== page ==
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Woolly mammoths’ last request: Got water?

Isolated island population went extinct 5,600 years ago when lakes dried up

3:00pm, August 1, 2016

WATER SHORTAGE  Woolly mammoths on an isolated Alaskan island probably died out when the lakes on the island dried up, researchers report.

Thirst drove one of the last populations of woolly mammoths to extinction.

A small group of holdouts on an isolated Alaskan island managed to last about 8,000 years longer than most of their mainland-dwelling brethren. But by about 5,600 years ago, the island’s lakes — the only source of freshwater — became too small to support the mammoths (Mammuthus primigenius), scientists report online the week of August 1 in the Proceedings of the National Academy of Sciences.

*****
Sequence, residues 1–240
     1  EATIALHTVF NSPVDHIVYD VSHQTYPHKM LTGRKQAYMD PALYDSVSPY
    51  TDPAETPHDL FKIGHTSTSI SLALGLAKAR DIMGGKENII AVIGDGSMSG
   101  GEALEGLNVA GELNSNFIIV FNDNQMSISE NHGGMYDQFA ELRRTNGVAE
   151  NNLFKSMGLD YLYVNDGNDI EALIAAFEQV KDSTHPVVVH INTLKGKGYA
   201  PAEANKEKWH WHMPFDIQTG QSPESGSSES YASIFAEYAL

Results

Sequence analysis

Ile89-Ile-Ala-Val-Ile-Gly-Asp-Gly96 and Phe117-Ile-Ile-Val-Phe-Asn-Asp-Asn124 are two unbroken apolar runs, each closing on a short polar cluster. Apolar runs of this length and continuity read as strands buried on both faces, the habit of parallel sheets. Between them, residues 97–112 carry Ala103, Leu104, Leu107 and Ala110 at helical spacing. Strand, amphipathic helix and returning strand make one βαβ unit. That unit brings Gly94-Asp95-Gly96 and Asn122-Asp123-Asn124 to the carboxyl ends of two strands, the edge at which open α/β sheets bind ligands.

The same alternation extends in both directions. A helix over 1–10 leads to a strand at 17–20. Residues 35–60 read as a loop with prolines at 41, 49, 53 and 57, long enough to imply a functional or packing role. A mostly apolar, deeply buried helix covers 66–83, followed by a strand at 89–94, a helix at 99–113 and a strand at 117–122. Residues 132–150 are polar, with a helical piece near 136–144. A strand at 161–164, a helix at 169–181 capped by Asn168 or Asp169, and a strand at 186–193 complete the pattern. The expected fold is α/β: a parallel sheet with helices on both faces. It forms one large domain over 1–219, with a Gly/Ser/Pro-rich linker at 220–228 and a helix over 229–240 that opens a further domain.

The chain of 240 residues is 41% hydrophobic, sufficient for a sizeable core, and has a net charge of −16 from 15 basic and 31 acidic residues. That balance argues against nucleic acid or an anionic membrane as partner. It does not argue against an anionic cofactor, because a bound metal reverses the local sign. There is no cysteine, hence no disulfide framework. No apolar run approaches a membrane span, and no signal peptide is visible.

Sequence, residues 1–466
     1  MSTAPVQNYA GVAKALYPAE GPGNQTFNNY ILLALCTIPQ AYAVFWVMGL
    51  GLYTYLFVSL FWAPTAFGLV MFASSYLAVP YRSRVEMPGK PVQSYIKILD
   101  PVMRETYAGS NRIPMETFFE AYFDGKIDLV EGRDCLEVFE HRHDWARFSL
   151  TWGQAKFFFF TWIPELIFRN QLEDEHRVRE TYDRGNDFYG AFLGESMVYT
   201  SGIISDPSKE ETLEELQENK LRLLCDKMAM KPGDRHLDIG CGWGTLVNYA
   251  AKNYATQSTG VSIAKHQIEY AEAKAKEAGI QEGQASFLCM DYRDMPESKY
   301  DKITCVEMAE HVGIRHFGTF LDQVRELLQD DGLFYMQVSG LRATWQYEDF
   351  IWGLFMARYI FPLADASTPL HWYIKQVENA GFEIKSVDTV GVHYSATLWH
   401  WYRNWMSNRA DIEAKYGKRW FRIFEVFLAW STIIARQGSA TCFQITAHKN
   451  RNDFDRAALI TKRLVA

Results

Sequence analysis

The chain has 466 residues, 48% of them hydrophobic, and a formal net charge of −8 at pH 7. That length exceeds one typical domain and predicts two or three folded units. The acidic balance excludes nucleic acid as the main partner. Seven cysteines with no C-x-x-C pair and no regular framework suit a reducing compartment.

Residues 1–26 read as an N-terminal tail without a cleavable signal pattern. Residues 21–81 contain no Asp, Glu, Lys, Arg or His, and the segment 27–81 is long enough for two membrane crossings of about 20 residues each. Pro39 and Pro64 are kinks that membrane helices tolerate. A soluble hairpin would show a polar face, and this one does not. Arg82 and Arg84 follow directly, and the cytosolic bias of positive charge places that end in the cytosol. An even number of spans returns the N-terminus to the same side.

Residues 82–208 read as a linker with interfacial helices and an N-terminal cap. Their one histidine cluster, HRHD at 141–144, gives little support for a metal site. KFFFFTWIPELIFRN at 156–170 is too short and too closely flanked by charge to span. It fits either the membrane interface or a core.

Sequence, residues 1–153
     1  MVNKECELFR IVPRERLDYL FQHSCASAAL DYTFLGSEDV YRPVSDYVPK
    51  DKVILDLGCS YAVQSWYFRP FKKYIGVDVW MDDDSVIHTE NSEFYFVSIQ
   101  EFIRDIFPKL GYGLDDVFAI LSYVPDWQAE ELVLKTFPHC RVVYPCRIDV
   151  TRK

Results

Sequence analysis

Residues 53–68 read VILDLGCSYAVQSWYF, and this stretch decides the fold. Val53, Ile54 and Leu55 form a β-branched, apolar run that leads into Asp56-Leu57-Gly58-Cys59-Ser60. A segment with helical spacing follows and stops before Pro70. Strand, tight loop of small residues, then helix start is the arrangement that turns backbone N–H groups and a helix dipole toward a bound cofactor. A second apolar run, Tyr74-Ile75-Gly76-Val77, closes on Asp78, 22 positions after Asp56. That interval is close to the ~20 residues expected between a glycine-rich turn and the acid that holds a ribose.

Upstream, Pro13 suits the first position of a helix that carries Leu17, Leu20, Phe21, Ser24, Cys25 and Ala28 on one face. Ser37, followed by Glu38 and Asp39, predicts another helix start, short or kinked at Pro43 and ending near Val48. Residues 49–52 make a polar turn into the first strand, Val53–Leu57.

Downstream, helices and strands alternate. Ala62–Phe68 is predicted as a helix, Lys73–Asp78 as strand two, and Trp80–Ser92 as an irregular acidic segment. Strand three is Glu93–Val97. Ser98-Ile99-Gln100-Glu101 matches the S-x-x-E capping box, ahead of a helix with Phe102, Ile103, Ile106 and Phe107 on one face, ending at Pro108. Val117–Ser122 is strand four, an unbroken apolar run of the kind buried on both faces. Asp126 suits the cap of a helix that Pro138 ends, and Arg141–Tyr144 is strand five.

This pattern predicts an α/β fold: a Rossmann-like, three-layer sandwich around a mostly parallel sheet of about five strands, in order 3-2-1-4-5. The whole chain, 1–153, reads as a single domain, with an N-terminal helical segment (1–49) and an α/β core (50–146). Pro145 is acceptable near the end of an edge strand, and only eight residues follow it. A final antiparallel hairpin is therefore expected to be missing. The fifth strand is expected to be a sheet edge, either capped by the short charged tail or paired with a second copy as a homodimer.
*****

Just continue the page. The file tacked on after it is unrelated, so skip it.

“I don’t think I’ve ever seen something so conclusive about an extinction before,” says Love Dalén, an evolutionary geneticist at the Swedish Museum of Natural History in Stockholm who was not involved in the research. The study highlights “how sensitive small populations are and how easily they can become extinct.”

Surprisingly recent woolly mammoth bones had

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